By applying advanced graffiti techniques to canvas, AROE has taken everything he knows about graffiti and adapted it for the art world. In doing so, he is pushing the art form in a new direction…
‘Whether it’s oil painting or graffiti, the rules of each discipline are legitimate. This means, anyone learning an art form has to operate within the rules. The whole art form is developed within parameters, and those parameters can only be expanded by masters of graffiti. Just as in the same way the parameters of oil painting can only be expanded by masters of oil painting. You have to have done it all before you can take the art form in a new direction.’
Speaking of his process and of the more abstract elements in his original pieces, AROE reveals:
‘What I try to do with all my paintings is find an aspect of graffiti that I can fuck around with. At the moment I’m really obsessed with the fact that you’ll do a painting in the street and someone will say, ‘I really like that, but I can’t read it.’ And I think – does it matter? Do you like it, or do you not like it? How does it make you feel? That should be it. When I look at art, there’s plenty that I don’t understand – I can only understand how it makes me feel, and I’m satisfied with that being enough.’
Back to Black
One key graffiti technique AROE has transferred to the Build and Destroy series involves his use of black. In graffiti, thick black borders are used around painted letters to make the characters appear 3D, and in the process the black ends up becoming an integral part of the letter. AROE has used this method in each of the five original pieces in the series, using different-shaped black elements to frame and accentuate the piece.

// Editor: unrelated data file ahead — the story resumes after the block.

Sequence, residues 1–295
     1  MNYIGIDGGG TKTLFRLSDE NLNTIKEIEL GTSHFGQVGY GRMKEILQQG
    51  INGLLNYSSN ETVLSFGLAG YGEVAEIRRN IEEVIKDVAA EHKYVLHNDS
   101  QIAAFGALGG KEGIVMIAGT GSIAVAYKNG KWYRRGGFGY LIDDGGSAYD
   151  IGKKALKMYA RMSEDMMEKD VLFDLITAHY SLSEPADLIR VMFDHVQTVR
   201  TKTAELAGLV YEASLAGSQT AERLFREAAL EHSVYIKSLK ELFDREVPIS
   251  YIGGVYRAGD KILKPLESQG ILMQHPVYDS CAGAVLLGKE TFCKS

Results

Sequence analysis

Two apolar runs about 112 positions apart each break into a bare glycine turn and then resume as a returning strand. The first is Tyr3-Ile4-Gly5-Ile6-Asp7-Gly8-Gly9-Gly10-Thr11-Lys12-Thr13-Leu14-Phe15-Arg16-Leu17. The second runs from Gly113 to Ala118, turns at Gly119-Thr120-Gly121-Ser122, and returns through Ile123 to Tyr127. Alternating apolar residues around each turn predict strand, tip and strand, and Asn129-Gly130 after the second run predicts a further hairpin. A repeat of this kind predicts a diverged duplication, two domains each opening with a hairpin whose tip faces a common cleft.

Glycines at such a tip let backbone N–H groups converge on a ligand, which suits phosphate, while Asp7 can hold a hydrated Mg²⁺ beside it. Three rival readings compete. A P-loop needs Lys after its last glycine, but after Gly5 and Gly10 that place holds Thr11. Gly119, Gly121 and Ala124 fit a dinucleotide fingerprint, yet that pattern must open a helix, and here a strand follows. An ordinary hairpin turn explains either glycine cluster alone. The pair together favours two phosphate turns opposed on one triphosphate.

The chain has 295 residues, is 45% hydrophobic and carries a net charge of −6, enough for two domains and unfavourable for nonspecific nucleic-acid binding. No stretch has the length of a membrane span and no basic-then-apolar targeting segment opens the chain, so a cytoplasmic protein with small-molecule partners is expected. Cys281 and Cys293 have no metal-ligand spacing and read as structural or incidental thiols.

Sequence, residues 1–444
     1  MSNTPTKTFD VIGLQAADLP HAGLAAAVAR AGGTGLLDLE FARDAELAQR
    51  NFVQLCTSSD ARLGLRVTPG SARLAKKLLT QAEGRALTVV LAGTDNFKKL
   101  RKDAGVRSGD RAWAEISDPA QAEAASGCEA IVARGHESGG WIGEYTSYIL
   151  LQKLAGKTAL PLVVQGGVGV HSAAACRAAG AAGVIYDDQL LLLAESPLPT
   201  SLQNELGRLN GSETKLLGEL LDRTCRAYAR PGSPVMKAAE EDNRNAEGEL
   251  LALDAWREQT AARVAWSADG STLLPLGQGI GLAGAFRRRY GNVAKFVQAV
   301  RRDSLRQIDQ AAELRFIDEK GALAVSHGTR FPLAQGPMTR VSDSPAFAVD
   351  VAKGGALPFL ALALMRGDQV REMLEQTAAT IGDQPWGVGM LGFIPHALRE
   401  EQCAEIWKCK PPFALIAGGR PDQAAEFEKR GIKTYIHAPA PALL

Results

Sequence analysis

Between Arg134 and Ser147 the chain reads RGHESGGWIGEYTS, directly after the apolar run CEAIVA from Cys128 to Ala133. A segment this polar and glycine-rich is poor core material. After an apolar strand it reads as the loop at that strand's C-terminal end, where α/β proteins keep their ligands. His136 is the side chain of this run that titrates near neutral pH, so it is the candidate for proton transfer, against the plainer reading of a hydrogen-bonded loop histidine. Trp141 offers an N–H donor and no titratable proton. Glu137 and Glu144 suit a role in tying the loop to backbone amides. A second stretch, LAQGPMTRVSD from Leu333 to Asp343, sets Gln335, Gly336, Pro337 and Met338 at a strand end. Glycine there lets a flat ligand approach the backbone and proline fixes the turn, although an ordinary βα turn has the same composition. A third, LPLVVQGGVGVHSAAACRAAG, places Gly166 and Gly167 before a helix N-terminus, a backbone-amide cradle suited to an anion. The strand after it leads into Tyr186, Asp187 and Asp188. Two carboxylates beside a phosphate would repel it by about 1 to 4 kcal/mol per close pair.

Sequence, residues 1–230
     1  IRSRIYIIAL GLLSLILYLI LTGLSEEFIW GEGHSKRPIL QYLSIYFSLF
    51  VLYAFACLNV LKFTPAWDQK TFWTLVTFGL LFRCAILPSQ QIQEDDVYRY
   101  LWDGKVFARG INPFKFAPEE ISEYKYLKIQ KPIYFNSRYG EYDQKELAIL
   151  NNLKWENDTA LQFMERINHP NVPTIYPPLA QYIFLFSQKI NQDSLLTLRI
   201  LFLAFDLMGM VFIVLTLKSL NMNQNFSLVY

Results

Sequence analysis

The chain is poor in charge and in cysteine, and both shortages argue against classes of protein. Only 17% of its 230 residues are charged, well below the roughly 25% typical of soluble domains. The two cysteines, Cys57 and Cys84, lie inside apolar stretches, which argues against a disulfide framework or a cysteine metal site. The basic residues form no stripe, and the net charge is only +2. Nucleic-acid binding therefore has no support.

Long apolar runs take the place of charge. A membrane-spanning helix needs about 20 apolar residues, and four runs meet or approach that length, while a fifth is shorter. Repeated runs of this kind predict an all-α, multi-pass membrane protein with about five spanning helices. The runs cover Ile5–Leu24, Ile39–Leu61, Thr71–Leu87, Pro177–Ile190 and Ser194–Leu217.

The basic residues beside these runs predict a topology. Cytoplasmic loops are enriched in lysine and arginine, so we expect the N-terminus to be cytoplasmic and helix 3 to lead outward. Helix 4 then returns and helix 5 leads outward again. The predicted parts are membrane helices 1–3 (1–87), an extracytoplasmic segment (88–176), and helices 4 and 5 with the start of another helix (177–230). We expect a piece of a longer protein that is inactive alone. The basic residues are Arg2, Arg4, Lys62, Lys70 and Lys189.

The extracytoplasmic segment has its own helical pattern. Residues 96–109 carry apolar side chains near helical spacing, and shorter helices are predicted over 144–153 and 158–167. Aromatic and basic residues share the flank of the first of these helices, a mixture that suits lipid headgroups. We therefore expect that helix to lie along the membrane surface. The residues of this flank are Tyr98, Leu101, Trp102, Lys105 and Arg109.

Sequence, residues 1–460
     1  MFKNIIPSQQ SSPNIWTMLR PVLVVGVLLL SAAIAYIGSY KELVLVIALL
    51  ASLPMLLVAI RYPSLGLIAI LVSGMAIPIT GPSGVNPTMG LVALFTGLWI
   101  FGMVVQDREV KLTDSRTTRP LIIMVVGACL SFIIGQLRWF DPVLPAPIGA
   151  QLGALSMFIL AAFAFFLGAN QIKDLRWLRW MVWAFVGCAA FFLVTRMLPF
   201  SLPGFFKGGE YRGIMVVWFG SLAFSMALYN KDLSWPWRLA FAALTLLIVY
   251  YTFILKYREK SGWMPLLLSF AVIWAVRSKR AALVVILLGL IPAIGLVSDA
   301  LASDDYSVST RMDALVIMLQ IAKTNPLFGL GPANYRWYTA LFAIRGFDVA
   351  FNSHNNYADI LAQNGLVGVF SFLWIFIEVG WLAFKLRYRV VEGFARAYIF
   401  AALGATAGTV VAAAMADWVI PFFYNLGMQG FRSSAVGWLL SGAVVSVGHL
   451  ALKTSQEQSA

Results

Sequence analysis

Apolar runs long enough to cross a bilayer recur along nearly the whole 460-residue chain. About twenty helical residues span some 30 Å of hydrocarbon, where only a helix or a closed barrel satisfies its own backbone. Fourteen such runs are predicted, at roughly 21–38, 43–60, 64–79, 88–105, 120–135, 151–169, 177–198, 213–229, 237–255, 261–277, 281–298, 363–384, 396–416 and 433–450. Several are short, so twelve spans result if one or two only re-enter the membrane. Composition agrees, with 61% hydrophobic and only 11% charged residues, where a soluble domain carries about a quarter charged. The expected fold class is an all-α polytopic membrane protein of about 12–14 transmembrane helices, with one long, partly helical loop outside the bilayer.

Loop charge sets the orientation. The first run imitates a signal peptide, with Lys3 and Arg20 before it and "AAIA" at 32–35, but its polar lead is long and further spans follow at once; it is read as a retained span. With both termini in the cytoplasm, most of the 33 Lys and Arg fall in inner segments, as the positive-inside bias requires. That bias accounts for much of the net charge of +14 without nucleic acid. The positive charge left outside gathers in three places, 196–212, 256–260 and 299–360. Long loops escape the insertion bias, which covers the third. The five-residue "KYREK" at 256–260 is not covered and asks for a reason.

True to pioneering form, the paint AROE has selected for these elements is no normal black paint. It’s a paint known as ultra-black – a shade so dark it absorbs 99% of the light that hits it, making any surface it’s painted with look totally flat. ‘It can’t throw a shadow – it has nothing to bounce off because when light hits it, it just gets sucked in.’
Perhaps it’s not the first time you’ve heard of this paint? It’s existence caused quite the ripple in the art world back in 2017 when a feud broke out between British Indian sculptor, Anish Kapoor and Southampton-based artist, Stuart Semple. Ultra-black paint was originally created for military use, before Kapoor acquired the exclusive rights to the colour, ensuring no one else could use it. Artists across the world were in uproar, and Semple was so incensed that he decided to take action, creating a version of his own that everyone is welcome to use…apart from Kapoor.
AROE explains what drew him to this ultra-black paint: ‘With graffiti you’re always trying to find the newest tool – so when you find out that there’s a certain new paint, tool, or technique you jump on it. Graffiti writers are always trying to find new ways of marking and messing things up.’
Build and Destroy is launching at Enter Gallery on Friday 13th of August from 6-8pm. Come experience the collection over a drink, with tunes supplied by live DJs. Sign up at eventbrite